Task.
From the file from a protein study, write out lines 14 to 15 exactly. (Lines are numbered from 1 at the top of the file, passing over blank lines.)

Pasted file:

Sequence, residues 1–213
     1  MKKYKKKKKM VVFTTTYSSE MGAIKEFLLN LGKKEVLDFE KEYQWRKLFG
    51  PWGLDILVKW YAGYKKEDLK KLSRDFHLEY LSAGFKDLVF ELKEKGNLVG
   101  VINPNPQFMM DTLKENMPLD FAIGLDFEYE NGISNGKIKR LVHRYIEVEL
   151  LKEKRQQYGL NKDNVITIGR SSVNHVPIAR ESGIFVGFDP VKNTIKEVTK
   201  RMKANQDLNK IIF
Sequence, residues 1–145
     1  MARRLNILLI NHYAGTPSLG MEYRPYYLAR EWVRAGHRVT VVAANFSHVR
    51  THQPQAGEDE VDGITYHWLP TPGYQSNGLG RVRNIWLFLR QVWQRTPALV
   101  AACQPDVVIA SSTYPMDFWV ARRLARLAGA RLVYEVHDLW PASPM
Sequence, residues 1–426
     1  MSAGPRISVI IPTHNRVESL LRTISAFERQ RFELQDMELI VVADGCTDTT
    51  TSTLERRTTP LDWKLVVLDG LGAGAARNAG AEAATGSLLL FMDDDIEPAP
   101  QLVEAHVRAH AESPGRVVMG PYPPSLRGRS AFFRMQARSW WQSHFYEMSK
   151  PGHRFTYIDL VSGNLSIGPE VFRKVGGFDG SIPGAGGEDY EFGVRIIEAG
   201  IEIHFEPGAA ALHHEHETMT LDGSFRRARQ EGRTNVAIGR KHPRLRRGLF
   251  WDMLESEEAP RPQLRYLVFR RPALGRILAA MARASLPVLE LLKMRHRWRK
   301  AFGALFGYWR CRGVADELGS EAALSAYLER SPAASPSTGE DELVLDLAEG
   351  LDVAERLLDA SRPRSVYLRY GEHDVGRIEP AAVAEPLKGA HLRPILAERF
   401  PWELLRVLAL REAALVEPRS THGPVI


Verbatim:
   101  QLVEAHVRAH AESPGRVVMG PYPPSLRGRS AFFRMQARSW WQSHFYEMSK
   151  PGHRFTYIDL VSGNLSIGPE VFRKVGGFDG SIPGAGGEDY EFGVRIIEAG